They said the "groundbreaking" early warning tool, which has also predicted risks in Iran, Nigeria and Pakistan, could spot the likelihood of conflicts - including water-related violence - up to 12 months in advance.
Climate change, increasing populations, rapid urbanization, economic growth and expanding agriculture are compounding pressures on the world's limited water supplies.
U.N. data shows a quarter of the globe is using water faster than natural sources can be replenished.
The tool will enable governments and others, including development and disaster response experts, to intervene early to defuse conflicts, according to the Water, Peace and Security (WPS) partnership which is behind the app.
It said trials suggested an 86% success rate in identifying conflicts with 10 casualties or more.
"This app is very important given the escalation of water-related conflicts across the world," said Jessica Hartog, a climate change expert with International Alert, a WPS partner.
"It will save lives, absolutely, if we see politicians acting on the early warning data it will provide," she told the Thomson Reuters Foundation.
The WPS Global Early Warning Tool uses machine learning to pinpoint conflict risks on the basis of more than 80 variables going back 20 years.
This includes data on precipitation and droughts from satellite sources, and socio-economic and demographic data on everything from population density to past patterns of violence.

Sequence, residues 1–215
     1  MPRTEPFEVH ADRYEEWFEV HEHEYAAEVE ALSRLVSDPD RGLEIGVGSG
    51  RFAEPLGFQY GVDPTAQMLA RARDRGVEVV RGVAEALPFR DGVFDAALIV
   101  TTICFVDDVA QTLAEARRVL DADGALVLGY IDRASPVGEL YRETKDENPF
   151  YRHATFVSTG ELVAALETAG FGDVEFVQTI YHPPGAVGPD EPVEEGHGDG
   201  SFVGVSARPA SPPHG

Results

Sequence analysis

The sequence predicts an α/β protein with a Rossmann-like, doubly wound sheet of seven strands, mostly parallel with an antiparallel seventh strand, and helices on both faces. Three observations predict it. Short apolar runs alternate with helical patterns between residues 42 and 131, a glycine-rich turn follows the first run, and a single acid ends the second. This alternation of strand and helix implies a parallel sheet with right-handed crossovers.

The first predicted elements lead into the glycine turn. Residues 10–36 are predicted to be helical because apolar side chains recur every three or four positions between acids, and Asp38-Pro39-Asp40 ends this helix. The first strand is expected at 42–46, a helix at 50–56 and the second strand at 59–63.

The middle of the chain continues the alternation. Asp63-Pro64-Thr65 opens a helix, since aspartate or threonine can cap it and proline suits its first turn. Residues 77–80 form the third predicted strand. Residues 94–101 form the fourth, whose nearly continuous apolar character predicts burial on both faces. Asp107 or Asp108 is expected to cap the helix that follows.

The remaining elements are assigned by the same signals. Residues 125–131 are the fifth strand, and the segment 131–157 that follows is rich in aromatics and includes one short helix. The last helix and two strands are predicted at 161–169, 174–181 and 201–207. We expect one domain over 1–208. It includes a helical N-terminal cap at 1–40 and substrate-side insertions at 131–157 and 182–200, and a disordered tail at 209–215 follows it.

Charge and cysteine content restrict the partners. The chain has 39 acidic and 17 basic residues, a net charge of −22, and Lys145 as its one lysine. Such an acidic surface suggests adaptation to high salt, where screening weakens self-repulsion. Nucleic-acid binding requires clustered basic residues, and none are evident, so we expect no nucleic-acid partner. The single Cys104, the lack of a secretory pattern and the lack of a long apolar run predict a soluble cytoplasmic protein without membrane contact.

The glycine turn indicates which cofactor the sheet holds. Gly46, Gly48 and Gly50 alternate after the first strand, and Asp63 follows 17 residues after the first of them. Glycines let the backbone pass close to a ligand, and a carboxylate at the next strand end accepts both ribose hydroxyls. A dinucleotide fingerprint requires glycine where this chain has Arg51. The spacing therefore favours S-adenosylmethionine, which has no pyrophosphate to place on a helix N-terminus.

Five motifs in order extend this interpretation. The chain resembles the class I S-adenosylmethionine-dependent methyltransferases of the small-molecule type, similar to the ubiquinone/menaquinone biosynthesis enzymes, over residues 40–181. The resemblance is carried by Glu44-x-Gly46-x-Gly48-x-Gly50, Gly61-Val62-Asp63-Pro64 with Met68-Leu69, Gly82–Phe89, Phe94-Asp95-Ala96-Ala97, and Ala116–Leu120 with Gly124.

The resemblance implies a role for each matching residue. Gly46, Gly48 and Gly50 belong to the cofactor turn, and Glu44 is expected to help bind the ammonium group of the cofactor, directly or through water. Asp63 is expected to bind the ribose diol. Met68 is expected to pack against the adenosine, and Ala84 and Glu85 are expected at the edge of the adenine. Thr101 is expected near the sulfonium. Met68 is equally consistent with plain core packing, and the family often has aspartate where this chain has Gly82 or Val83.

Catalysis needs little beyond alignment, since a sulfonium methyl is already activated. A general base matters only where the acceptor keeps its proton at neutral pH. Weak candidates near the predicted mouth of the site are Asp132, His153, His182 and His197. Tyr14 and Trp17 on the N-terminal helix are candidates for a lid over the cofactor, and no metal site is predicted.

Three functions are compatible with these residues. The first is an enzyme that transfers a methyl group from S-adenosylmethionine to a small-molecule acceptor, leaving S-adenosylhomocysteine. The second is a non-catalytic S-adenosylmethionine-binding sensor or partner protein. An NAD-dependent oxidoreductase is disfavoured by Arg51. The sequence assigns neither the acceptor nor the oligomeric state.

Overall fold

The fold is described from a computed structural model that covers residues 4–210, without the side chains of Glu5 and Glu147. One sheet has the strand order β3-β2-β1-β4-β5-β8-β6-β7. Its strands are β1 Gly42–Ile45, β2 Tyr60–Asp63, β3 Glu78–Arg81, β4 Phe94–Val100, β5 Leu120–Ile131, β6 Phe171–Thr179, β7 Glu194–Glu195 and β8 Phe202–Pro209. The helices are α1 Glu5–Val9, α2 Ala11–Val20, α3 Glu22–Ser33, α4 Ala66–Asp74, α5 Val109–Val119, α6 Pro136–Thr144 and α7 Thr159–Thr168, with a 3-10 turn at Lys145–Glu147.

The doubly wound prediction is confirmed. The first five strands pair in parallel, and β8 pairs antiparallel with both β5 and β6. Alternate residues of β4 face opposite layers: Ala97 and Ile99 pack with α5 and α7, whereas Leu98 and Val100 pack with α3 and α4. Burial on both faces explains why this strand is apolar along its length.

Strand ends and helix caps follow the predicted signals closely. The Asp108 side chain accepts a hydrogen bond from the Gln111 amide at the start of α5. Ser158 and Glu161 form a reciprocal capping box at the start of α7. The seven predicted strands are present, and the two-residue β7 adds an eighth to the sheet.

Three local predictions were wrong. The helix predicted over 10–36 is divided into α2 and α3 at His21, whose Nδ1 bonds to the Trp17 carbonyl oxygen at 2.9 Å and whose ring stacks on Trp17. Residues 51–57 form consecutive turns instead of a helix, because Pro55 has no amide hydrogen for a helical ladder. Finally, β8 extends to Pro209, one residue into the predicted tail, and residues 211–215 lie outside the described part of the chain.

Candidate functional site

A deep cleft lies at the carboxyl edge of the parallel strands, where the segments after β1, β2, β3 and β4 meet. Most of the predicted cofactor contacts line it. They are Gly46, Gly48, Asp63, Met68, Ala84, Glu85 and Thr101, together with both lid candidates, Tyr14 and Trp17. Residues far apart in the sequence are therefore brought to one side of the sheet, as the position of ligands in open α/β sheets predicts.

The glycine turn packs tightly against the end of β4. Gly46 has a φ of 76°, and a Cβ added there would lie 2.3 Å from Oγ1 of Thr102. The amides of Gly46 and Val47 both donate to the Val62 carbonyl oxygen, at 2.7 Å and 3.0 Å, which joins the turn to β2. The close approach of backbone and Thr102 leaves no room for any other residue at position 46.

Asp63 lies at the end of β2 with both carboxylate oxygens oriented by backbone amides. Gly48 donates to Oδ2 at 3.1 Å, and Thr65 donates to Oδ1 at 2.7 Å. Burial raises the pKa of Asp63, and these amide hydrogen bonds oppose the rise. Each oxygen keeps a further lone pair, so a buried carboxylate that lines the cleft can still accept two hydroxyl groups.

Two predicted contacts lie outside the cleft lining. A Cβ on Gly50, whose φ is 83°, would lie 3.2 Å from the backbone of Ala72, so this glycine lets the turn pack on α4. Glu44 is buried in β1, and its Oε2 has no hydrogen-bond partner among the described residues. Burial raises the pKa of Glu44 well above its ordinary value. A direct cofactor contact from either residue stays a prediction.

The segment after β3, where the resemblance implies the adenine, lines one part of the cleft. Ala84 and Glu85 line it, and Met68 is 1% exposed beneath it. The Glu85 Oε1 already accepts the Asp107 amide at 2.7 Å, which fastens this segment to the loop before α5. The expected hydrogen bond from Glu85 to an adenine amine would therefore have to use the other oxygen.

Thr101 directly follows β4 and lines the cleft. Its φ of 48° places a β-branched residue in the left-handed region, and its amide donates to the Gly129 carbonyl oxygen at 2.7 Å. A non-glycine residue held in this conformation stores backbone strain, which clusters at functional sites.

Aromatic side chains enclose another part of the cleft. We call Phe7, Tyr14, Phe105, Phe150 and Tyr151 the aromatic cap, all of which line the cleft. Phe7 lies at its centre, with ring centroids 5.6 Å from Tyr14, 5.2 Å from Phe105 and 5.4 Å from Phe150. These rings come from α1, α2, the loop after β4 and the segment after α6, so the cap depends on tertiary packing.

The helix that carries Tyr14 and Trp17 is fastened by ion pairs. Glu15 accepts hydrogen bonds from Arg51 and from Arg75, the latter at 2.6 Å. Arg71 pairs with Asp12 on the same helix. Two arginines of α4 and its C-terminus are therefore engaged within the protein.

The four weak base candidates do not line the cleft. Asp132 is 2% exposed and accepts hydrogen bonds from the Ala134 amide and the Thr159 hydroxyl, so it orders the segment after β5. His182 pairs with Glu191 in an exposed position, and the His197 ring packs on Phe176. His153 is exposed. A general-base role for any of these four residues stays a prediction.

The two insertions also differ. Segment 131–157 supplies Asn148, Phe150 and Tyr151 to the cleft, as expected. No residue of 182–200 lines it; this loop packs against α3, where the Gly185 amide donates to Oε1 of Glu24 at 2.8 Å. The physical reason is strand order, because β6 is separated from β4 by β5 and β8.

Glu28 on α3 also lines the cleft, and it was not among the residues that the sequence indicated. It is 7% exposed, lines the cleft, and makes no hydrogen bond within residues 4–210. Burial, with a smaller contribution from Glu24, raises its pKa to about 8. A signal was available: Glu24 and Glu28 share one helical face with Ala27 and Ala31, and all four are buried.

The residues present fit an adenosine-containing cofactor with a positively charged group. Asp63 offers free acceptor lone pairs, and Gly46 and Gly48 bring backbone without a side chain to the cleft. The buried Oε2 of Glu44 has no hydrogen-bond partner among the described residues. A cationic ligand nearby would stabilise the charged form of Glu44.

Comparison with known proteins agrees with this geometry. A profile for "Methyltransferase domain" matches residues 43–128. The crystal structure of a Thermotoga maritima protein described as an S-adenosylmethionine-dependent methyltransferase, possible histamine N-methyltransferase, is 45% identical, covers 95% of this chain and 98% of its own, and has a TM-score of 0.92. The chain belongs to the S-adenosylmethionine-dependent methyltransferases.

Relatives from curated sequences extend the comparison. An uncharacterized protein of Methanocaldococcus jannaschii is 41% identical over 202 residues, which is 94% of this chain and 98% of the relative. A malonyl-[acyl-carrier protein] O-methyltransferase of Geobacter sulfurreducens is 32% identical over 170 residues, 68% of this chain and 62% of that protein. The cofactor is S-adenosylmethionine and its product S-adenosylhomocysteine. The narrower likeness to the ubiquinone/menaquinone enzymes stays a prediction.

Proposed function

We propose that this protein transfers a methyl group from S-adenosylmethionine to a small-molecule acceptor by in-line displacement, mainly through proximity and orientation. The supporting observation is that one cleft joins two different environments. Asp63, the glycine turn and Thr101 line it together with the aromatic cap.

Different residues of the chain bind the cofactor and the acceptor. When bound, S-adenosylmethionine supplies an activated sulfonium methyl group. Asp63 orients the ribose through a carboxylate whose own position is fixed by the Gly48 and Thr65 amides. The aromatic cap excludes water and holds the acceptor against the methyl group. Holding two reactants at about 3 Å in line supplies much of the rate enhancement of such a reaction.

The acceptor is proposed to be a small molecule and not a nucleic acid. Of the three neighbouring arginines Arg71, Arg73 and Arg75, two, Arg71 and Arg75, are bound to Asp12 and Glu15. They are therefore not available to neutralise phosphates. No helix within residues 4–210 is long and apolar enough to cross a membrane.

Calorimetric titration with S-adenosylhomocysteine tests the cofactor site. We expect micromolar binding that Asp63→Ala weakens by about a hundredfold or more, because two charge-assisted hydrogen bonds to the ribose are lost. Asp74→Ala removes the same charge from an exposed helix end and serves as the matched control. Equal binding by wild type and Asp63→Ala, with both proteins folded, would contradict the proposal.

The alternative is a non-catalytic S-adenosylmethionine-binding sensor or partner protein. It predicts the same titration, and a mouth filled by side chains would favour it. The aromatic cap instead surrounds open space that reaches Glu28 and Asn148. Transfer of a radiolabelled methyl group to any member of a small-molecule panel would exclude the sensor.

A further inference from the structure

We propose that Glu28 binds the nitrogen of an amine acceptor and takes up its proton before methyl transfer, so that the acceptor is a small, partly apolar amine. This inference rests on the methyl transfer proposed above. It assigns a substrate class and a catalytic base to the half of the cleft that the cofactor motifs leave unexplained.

"Water is often an overlooked risk factor in conflict," said Charles Iceland, a senior water expert at the World Resources Institute, part of the WPS partnership which is supported by the Netherlands' foreign ministry.
"This could be a breakthrough in development and peacekeeping operations, giving time to intervene before bloodshed occurs."
The tool has been trialed in Mali where water scarcity is a factor in violence between Dogon farmers and Fulani herders.
"Data is one of the most powerful things you can have to reach policymakers and politicians," said International Alert's Hartog.
"In Mali, we're already bringing the government and civil society groups together to discuss the risks we're seeing."In Iraq, WPS predicted the situation would deteriorate in Basra where access to safe water is a major problem, with more than 120,000 people hospitalized last year after drinking polluted supplies.